“As I’ve said on other occasions, the cruise market changed from the time we built the terminal to today and a whole bunch of additional markets in Asia opened up that were not open,” Stimpson said. “We just are not — we don’t fit their model right now.”
There’s not much the city can do to bring a cruise line in, Stimpson said, aside from paying $500,000 for test cruises out of Mobile.
“The only kind of soft offer we’ve had is that if we’ll spend a half million dollars on doing a couple test cruises, then maybe they’ll put a ship in here,” he said. “To spend a half million dollars to have a couple test cruises doesn’t seem to be the wisest use of the limited resources we have on hand today.”
Even though the chances of seeing another cruise ship docked at the terminal anytime soon seem slim, Stimpson wouldn’t go so far as to call building the facility a mistake.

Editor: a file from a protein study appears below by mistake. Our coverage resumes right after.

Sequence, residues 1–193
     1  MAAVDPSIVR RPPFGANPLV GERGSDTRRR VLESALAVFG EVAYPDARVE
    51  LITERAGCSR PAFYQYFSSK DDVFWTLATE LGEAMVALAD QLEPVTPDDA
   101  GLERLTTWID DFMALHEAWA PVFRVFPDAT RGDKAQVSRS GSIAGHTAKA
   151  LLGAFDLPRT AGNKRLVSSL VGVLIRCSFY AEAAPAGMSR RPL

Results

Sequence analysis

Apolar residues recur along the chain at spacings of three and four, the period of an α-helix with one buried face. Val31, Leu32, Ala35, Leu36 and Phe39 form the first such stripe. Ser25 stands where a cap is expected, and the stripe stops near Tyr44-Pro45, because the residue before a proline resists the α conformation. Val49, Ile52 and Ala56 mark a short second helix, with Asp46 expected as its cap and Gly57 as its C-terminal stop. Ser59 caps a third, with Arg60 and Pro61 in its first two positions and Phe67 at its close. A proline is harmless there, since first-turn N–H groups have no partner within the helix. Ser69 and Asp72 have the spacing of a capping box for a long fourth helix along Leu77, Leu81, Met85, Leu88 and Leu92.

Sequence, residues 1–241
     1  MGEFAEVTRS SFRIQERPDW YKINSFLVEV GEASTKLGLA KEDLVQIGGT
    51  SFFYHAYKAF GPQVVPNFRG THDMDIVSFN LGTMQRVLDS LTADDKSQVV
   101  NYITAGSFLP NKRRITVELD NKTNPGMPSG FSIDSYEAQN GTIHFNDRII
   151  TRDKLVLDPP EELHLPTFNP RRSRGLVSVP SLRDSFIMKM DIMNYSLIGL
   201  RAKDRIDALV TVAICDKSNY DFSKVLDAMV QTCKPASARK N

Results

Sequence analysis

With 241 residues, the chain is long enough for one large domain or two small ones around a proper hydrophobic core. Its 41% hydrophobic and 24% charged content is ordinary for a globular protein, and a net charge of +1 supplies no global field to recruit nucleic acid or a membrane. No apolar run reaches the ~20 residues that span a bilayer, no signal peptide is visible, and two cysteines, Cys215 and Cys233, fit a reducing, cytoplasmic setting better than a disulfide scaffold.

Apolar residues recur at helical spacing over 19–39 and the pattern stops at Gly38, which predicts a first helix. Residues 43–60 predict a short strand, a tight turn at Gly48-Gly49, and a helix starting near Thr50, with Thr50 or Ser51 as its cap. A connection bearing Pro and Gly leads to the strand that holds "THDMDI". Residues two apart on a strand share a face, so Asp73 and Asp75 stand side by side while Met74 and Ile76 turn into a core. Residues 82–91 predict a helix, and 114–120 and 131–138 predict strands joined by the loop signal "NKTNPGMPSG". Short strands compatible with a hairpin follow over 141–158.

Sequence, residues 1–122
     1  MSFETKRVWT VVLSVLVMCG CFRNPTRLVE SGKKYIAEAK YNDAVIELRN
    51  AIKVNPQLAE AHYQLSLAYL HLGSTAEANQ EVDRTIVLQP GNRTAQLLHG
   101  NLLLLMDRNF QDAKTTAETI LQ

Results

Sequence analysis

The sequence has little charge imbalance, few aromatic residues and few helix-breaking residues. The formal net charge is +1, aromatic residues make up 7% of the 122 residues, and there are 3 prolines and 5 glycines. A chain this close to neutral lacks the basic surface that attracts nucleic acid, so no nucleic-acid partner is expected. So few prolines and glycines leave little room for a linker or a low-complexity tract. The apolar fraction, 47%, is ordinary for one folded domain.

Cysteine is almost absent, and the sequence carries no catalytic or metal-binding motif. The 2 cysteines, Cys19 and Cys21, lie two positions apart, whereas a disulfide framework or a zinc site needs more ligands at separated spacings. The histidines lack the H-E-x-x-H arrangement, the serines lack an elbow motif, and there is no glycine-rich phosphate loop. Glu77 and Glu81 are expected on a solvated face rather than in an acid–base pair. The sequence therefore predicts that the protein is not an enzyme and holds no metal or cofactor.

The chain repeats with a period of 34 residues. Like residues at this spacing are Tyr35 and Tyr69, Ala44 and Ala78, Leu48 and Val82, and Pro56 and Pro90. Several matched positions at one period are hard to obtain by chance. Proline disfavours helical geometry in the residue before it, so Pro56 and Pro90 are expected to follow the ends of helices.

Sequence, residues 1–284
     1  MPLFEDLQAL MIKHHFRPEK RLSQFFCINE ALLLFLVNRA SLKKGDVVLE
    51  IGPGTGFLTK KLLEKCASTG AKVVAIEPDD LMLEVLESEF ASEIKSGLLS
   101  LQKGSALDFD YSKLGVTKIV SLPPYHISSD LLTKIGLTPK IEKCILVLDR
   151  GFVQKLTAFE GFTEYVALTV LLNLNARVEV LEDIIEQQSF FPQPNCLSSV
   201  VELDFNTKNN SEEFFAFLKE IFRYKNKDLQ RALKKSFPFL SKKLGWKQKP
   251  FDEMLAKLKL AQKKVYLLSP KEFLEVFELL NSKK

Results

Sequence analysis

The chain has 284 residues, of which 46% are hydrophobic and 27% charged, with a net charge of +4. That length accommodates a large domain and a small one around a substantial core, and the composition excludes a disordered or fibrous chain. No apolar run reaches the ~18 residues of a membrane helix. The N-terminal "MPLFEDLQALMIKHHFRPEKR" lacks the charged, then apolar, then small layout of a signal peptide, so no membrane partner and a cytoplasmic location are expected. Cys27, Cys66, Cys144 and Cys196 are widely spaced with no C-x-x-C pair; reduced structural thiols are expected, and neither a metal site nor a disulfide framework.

“There was a lot of research done and there was hard evidence that the cruise industry would embrace us,” he said. “If there’s being an armchair quarterback looking backwards, the only thing is you wish that you could’ve had a multi-year contract, instead of a year-to-year contract. It’s easy to make that criticism, but they could not get the cruise lines to sign a multi-year contract.”
Stimpson said there has been discussion about repurposing the cruise terminal, but admitted no hard offers had been considered. Stimpson said Austal could possibly use it in the future, or it could be useful for GulfQuest, or the I-10 bridge construction project, even just as a parking lot.